In search of freedom

It was already in the first week of hiking Te Araroa that the feeling hit me that I wasn’t sure if this was what I wanted to do the next six months to come. ‘This’ being what felt like a tight schedule of hiking some 25 kms each day, getting up at 06.00 am, leaving by 08.00 am, marching on, counting distances, setting up camp, sleeping and repeating it the next day. In addition I felt that with having a bunch of rest days in Kaitaia to let my feet heal and hiding for the weather, I was falling behind on schedule and found myself wondering if I was going to make it to Bluff within the expiry date of my visa at all.
I wasn’t the only one worried about this. Upon arrival at the campsites, there often was talk about distances covered, budgets not being sufficient (New Zealand has a 30% inflation, meaning that I need € 2.000 more than budgeted as I expected to spend some € 6.000) and not being able to make it to Bluff in time. I found myself feeling truly unhappy worrying about this. I did not come to New Zealand to calculate distances, just march on and reaching my destination within time. I missed taking the time for a morning coffee, spending time in front of my tent if I felt like it, having enough energy left to read a book and I missed the feeling of freedom to decide each day what my day was going to look like. After spending nearly three months in Sweden earlier this year where I basically had no plan at all, I was used to living in freedom. Hiking Te Araroa on the North Island felt far from that.

Welcome to the Shire!
Welcome to the Shire!

So, what’s next?

I’m currently in Hamilton where I decided to give my body a few days rest. I sometimes tend to forget that it’s not just my time in New Zealand that I’ve been on the go, but that it’s in fact been almost five months that I’ve been on the road. Although I’m enjoying it most of the time, there’s also times when I feel extremely exhausted and just want to lay down in bed and hide under the covers for as long as needed.
This made me decide to take things easy from now on and start to enjoy the small things in life again. To hike shorter days, to enjoy other things than hiking that also make me happy (such as a cup of coffee in the morning sun or reading a book for a few hours). I’ve missed those things. When I was at the hostel in Stillwater I found a quote, written by Tom from I Walk Around the World, on one of the walls. It said ‘never sacrifice happiness for achievement.’ It couldn’t have been more spot on. I had been sacrificing happiness for achievement most of the time since my arrival and it was right then that I made the decision to no longer exhaust myself by running forward.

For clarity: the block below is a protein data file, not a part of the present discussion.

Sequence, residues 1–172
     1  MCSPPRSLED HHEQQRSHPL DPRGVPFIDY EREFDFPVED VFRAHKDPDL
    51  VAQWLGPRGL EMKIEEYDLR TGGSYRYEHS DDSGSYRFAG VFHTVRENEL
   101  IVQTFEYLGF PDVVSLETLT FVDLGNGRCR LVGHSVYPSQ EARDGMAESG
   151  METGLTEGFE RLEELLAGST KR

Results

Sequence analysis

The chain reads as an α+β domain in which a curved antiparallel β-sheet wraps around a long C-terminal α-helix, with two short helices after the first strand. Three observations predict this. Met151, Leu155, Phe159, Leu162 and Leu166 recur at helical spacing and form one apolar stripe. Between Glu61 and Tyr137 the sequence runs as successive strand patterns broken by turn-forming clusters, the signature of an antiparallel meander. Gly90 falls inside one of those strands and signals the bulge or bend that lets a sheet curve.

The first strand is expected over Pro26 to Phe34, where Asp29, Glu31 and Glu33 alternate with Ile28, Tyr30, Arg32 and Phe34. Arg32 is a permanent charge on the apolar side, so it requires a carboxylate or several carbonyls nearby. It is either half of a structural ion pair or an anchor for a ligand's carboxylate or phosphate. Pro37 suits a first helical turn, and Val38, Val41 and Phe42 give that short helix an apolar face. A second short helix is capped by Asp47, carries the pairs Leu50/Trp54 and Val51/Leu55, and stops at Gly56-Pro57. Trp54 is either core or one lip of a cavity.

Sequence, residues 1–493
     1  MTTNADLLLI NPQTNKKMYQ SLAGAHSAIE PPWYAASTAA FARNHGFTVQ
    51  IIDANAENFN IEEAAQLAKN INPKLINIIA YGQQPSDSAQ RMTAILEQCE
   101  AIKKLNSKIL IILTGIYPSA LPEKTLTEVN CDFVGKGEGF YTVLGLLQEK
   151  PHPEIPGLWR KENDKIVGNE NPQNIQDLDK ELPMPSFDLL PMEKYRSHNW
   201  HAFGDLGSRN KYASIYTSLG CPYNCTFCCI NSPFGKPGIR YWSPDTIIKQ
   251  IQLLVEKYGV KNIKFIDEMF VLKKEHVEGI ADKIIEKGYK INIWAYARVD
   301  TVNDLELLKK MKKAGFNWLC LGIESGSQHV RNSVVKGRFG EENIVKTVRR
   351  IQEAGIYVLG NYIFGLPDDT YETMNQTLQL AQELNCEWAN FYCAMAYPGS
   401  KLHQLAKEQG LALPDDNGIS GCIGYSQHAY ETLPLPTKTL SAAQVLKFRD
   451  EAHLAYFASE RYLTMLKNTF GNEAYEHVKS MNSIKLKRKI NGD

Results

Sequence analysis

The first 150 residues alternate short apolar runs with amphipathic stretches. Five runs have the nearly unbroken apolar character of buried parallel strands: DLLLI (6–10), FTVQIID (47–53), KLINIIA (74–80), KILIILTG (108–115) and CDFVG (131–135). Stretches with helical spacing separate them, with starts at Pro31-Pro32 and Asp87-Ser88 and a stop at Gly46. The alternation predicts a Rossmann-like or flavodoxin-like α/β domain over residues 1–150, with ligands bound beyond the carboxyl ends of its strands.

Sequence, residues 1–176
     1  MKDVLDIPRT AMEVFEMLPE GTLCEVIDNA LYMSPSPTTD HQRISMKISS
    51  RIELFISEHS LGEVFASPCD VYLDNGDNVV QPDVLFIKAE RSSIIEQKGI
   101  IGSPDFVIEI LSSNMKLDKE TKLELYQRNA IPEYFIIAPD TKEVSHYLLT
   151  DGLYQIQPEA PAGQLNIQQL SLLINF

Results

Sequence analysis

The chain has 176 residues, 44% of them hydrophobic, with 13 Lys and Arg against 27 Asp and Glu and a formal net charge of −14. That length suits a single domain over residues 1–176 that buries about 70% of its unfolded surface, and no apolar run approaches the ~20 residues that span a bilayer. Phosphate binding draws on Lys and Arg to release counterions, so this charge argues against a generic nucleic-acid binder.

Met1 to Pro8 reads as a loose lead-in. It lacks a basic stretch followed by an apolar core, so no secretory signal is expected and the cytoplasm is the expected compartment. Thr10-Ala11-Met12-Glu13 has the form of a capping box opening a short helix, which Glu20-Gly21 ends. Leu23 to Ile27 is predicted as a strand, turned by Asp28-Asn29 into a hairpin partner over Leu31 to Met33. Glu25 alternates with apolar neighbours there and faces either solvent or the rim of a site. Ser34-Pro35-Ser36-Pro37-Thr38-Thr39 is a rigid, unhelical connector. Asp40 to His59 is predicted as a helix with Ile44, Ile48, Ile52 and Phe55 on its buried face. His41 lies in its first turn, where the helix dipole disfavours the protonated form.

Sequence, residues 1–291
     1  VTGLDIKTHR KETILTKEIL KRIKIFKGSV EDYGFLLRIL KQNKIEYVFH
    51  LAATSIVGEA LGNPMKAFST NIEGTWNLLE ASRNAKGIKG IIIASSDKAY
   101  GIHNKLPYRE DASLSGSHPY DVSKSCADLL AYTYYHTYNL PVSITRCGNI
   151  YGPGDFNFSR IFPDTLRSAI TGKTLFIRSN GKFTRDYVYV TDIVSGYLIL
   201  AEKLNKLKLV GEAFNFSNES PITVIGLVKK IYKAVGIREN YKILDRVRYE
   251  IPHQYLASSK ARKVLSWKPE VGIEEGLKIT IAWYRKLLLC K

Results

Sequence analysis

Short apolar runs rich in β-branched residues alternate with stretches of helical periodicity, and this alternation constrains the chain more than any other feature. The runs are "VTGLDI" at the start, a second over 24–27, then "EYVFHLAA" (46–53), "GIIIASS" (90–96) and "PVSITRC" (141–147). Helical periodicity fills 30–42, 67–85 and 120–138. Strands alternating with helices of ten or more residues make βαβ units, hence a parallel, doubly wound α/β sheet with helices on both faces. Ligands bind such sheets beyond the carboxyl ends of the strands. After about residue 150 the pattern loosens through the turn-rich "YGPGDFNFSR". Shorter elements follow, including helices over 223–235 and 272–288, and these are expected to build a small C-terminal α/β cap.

This upcoming week I’m hiking the Timber Trail and from there I’ll catch a bus down to Wellington, from where I’m flying to Queenstown. Here I’ll be speaking at the International Adventure Conference. My initial idea was to fly back to Wellington after the conference but knowing myself, I may just as well stay on the South Island. Either way, my plan is to hike all of Te Araroa on the South Island, starting more or less on January 1st, which gives me 3 months to complete the whole island and travel back up to Auckland for my flight back to The Netherlands.
By releasing the pressure of having to complete the entire trail, I also felt myself opening up for the good things in life again. It was like the dark cloud above my head lifted and I felt myself coming back to life. Ever since I’ve experienced many happy moments on and off the trail, which I cherish more than the miles I was hiking. Life is too short to be unhappy and so I decided that from now on all that I’ll do is hike my own hike.

One Comment

  • Pam and David Turner

    Hey, that’s life.
    We’re New Zealanders in Auckland, and have done some tramping.
    Yes, why not pick just the bits of Te Araroa that suit ?
    Mud, yes, if you’d done Pirongia, that is muddy !
    The tongariro crossing, for example, is on the Te Araroa trail.
    But, why not do the 3 days great walk – of the 7 day round rupehu ATM if more hard core.
    (for ATM, go up to
    cascades to ski field road, not down, so do this tramp anticlockwise. Then, you can knowck the people doing the tongariro crossing out of the way !!)
    And, frankly, most people enjoy the South Isaldn more.
    Do things not on Te Araroa. Try Old Ghost Road, and Papamoa !!